Debbie Mayo-Smith international inspirational motivational how-to speaker technology, time management, improving business performance
Motivational Speakers, Sales, Marketing, Time Management, Productivity, Technology, Tips

Many a trap between email and inbox

I had just written and was testing my latest online newsletter. Every test resulted in the same thing: Outlook sending my little masterpiece directly into my own junk mail folder.

Now, I should know about spam filters and what to write in newsletters - after all, I've written two books about the topic.

But no matter how I tweaked and removed words that might catch a spam filter's ever-watchful eye, or the most discerning corporate filter, the same result: straight into my junk mail folder.

This issue had an article about marketing, so there was no way to pick a synonym for the words "marketing" and "sales" (in separate paragraphs, mind you). How could I not use the words "give away" in the contest I was running?

There was nothing I could do, so I finally gave up and, with bated breath, pushed the SEND button, shooting out over 18,000 of my little children, while feeling dejected and wondering whether it really mattered. Anyone who has been doing an online newsletter for some years will tell you how depressing it is - the significantly decreasing rates of email delivery, opening and click-through.

Then I had what I thought was a brilliant idea. Why not send a follow-up email immediately afterwards, telling my readers to look in their junk mail folder for the newsletter?

This email had one paragraph. Plain text. The subject line read: "Check your junk folder." The email was personable and said they should have just received my business quick tip newsletter and, as my copy went into my junk folder, theirs might too. I suggested they right-click the message and select "safe sender" to prevent it from occurring again. I also promised that there were six interesting short articles in the newsletter, so pleasetake a look.

The newsletter was out by 12.55pm. The follow-up email at 1.15pm. By 5pm that afternoon I had more than 800 emails personally replying to me. In total over 1200 responses to the "check your junk mail folder" email.

Lessons learnt:

* Most responses were from people who had received my email.

* Few had it in their junk folder. Rather, they had not received it at all.

* Many wrote of Xtra directing non-spam emails into its spam folder.

* Some individuals received the second email first - by up to one day. This is because when email servers are busy, they softly reject emails which are then presented again at a later time.

* What a lesson in goodwill - while people rarely comment about the newsletter, this seemed to give them an opportunity to send good wishes.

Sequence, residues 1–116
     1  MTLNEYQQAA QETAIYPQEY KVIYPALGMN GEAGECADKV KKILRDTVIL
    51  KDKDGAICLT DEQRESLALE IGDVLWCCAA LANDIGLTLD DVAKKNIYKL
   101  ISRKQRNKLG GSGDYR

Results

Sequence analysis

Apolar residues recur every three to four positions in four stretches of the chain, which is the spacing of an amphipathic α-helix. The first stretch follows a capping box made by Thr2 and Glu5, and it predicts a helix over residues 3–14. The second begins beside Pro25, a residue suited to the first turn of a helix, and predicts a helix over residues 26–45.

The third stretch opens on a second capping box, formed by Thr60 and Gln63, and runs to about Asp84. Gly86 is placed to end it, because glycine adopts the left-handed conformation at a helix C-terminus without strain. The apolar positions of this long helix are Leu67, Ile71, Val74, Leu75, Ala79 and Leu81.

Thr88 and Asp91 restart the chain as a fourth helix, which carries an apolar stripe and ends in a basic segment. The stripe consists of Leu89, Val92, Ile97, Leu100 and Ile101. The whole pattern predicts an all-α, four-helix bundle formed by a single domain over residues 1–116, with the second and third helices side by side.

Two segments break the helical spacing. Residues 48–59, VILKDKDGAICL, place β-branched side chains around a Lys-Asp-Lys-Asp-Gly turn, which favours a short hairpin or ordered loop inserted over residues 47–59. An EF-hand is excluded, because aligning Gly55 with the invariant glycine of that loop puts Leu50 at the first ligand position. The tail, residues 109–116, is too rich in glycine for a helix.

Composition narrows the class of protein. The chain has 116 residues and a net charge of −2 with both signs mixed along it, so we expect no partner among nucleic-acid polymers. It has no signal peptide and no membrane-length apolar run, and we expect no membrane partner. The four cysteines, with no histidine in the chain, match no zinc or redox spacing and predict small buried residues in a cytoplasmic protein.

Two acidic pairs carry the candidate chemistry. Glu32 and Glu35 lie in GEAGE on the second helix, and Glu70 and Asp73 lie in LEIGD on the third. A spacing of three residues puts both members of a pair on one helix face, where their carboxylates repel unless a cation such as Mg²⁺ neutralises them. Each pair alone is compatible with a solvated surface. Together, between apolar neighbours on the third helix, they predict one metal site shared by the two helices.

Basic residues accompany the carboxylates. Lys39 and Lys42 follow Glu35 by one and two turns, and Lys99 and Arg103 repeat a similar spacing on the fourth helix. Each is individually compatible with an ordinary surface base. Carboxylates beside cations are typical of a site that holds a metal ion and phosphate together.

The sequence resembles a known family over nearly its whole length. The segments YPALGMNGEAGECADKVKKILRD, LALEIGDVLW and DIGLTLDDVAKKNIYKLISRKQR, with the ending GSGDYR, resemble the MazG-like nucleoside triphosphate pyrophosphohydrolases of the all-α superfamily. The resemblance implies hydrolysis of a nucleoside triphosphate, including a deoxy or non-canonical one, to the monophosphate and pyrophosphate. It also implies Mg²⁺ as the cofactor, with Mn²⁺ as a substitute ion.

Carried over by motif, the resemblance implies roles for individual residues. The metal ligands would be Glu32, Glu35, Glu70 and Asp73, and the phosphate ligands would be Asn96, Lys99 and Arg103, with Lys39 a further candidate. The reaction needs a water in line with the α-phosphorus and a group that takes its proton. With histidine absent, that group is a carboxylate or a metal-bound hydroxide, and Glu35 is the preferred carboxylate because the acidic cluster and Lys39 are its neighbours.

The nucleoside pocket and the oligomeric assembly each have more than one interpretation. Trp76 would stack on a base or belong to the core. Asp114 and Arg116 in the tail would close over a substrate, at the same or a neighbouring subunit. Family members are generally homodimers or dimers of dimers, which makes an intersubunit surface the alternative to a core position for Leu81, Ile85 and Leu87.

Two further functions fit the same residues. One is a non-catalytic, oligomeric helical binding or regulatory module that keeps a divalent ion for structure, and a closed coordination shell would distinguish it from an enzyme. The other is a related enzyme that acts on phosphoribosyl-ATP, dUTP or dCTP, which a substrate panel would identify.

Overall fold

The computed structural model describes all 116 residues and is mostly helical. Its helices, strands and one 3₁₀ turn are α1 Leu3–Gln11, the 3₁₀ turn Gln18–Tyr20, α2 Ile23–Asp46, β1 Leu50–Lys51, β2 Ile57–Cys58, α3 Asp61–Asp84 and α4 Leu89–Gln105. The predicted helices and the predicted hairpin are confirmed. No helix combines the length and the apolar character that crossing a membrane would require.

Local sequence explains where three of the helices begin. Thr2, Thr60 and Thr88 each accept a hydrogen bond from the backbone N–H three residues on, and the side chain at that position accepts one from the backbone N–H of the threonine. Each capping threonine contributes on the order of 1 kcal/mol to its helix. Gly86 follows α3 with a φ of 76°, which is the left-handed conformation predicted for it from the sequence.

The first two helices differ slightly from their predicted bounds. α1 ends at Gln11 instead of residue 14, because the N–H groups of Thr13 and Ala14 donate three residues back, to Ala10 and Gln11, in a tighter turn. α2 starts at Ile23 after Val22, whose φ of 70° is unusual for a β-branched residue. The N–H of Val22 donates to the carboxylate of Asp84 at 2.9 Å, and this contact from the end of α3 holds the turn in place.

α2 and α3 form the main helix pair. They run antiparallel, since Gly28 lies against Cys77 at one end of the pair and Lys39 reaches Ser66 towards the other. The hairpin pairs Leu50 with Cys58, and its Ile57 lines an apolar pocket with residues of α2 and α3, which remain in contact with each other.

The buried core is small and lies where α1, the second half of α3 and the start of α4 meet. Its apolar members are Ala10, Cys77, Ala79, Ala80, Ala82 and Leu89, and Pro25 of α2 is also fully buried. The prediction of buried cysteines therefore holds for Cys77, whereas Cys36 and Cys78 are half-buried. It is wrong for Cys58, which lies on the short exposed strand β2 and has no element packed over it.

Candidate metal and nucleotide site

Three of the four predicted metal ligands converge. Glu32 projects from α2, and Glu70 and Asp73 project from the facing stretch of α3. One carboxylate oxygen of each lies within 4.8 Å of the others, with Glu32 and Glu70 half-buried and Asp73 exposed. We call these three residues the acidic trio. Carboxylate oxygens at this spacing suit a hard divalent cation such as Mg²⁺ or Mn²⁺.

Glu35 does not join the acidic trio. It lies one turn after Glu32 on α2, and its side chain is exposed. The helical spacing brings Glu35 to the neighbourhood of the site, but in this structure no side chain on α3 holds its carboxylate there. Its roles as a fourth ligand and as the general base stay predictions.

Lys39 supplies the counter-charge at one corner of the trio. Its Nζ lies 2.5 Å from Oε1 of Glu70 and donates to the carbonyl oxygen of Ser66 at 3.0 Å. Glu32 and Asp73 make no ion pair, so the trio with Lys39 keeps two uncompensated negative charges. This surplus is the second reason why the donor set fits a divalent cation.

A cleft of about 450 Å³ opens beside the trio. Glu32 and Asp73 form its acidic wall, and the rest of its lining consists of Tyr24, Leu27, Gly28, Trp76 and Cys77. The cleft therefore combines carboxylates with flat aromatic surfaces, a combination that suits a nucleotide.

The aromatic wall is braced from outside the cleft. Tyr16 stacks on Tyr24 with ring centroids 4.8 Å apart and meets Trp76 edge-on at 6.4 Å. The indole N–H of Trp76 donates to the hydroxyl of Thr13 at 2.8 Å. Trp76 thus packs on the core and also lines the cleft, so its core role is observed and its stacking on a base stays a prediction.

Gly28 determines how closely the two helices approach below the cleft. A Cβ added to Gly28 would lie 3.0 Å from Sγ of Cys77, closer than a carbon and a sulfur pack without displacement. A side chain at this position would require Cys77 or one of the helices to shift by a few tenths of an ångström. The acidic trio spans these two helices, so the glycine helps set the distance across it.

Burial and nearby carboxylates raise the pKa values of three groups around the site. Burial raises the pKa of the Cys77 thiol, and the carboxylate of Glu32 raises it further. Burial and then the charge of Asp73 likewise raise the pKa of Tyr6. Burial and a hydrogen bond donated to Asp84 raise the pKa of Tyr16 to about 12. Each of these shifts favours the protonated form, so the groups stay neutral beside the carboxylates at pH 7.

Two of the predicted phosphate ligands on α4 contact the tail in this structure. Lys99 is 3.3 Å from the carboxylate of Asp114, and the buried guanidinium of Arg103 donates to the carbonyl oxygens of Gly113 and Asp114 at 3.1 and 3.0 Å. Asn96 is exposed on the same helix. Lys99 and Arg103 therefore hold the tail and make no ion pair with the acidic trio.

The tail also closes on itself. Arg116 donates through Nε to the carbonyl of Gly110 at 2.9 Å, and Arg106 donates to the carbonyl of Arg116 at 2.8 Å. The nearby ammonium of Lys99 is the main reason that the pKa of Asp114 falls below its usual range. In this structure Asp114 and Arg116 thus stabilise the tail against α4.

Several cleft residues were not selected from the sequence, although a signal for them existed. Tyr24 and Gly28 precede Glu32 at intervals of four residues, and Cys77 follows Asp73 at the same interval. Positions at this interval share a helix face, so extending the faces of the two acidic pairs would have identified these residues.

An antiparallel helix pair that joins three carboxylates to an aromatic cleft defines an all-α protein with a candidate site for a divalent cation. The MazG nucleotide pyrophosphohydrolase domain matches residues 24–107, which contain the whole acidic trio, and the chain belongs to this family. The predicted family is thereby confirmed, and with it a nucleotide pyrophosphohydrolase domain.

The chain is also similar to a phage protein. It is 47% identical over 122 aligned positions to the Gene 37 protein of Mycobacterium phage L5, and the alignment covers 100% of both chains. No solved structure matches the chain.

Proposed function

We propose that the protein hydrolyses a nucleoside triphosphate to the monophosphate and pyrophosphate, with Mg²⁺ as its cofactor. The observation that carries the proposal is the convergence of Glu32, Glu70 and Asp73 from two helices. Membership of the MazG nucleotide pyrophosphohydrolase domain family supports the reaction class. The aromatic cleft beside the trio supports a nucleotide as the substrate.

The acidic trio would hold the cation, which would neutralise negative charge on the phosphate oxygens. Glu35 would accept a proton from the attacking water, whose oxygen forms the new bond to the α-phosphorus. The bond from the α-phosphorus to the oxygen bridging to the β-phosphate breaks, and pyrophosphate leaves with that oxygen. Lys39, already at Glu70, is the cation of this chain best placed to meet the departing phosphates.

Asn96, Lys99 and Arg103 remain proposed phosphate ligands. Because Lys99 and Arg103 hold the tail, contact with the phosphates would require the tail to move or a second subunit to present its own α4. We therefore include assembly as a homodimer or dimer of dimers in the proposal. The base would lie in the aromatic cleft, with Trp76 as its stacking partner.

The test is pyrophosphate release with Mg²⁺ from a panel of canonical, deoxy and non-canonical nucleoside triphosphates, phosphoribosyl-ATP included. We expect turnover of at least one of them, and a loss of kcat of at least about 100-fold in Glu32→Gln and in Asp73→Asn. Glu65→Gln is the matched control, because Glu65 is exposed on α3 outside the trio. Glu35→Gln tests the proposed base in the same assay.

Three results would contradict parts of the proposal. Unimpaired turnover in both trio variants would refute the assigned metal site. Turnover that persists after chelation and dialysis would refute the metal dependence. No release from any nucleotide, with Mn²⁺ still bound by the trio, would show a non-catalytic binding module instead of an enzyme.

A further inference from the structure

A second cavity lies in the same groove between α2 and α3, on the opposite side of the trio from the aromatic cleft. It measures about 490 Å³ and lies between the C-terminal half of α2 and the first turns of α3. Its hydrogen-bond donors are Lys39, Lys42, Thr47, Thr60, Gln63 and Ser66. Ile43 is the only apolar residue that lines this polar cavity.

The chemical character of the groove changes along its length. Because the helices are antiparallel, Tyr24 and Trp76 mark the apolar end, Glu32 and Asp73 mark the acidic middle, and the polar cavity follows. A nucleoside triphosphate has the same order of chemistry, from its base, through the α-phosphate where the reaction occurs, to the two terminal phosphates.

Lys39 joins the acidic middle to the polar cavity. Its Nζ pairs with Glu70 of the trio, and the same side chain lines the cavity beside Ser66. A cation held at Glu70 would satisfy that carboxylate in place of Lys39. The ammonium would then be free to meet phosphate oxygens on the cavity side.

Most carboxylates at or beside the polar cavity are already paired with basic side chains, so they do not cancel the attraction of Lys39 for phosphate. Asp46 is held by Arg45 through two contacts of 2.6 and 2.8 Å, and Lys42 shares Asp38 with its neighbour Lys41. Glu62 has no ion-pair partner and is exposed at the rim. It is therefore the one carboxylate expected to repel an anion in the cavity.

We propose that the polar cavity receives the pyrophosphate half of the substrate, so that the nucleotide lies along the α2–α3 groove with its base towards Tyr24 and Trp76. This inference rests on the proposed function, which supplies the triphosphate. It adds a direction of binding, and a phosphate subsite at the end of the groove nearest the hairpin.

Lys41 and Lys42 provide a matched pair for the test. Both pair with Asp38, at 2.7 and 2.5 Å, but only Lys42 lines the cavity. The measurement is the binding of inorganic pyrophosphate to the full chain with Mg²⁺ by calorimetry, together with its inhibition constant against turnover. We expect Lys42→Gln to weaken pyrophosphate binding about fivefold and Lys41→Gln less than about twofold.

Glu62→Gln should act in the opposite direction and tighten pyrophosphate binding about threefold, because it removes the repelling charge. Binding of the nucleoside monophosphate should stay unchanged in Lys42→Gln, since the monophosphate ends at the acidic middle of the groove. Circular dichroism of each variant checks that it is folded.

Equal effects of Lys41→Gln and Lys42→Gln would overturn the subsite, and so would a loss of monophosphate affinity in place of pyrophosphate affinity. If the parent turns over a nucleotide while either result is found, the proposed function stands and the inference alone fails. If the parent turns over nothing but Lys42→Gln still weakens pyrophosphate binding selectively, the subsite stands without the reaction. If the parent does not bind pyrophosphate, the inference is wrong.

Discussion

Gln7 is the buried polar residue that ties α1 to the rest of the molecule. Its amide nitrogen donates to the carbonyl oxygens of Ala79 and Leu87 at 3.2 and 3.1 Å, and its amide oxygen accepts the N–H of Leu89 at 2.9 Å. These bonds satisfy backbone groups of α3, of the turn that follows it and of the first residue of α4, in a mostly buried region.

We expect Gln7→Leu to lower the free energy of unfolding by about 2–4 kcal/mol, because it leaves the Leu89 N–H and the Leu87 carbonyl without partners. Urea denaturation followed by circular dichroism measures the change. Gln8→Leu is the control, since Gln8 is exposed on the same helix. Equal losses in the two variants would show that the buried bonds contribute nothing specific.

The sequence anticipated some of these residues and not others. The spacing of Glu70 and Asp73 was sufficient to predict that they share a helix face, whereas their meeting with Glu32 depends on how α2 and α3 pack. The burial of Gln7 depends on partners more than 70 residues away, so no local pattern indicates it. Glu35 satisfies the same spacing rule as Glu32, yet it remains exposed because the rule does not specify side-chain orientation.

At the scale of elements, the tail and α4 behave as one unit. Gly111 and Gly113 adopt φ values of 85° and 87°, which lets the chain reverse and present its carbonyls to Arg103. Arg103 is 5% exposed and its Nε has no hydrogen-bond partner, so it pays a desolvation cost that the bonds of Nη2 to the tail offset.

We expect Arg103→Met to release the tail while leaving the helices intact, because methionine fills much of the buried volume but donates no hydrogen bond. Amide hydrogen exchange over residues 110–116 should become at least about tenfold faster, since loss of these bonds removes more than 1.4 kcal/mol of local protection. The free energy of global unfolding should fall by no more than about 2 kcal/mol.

* What about the thousands who did not write? Did they ever receive either of the emails?

Delivery is, has been and will be a key problem for anyone using email. What you might not realise is the depth of the problem. By now you will know that Microsoft - back in 2003, I might add - changed the rules for email marketing forever. They were the first to introduce the blocking of images, not allowing them to download and show. Gmail does this too.

This means anyone receiving an email with an image in it has to either pre-approve the sender or right-click the blank box where the image goes to allow the download. In this busy world we live in, unless someone is a raving fan, they're not going to take the time for the right-click.

This is old news. Astonishingly - whether out of egotism, sheer stupidity or bad advice - if you look and count your incoming marketing emails, 99 out of 100 still have the top or the top left of the email splattered with graphics, rendering them unreadable or blank.

But wait. There's more. Email deliverability and obstructed images are not the only key issues you face today. Two more important factors should concern you in 2009.

Problem three: I bet my bottom dollar that many businesses will pump up their volume of marketing emails, trying to catch a sale. Leading to what? Even more email overload.

Here's the final issue and one you probably haven't even thought about. With all the redundancies occurring around the world, what do you think is going to happen to your email list?

You're going to lose a good chunk of it. Depending on the industries in which you operate, some lists might be hit harder than others.

Here are three ideas to help you try to maintain your list from devastation:

* Have your newsletter sign-up request on every webpage, every piece of marketing material - even your business card.

* Get people to provide two email addresses on your sign-up form - primary and secondary. With the rate of downsizing, you're going to lose a lot of subscribers; a second address will help.

* If your unsubscribes are automatically removed, if possible take it over and do them manually. You'll keep a closer watch on your list and be able to follow up personally on VIPs that are now mail delivery errors.

Debbie Mayo-Smith (BSc Hons Econ) is an International Motivational Business Speaker and Managing Director of SuccessIS! (http://www.successis.co.nz) and a leading specialist in easy practical ways to improve business profitability, personal productivity and Internet marketing. Debbie lives in NZ and travels the world speaking, writing and training. By the way, if you'd like to get lots of neat tricks like this, plus marketing and business development tips, why not enrol for our free newsletter?


This article is copyright to Debbie Mayo-Smith & SuccessIS. You may use it for your newsletter, website or as an article. It can be reproduced - but in its entirety and with inclusion of Debbie Mayo-Smith as the author and the weblink www.successis.co.nz


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